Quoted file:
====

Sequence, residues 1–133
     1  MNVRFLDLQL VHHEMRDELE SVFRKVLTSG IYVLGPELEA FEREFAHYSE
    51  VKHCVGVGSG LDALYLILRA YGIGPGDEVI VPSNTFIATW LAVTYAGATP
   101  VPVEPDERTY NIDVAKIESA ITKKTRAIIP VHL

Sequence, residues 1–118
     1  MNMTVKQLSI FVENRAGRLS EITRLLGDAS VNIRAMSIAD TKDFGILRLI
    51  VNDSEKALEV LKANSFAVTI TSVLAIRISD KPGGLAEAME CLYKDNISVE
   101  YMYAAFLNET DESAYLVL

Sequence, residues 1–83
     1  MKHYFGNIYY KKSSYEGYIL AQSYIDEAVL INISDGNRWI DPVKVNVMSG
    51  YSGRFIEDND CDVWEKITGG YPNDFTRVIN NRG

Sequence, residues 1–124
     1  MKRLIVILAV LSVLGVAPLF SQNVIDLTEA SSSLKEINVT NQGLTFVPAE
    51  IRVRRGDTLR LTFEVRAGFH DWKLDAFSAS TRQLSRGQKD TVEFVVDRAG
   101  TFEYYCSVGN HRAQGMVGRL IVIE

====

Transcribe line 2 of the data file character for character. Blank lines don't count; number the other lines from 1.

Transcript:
     1  MNVRFLDLQL VHHEMRDELE SVFRKVLTSG IYVLGPELEA FEREFAHYSE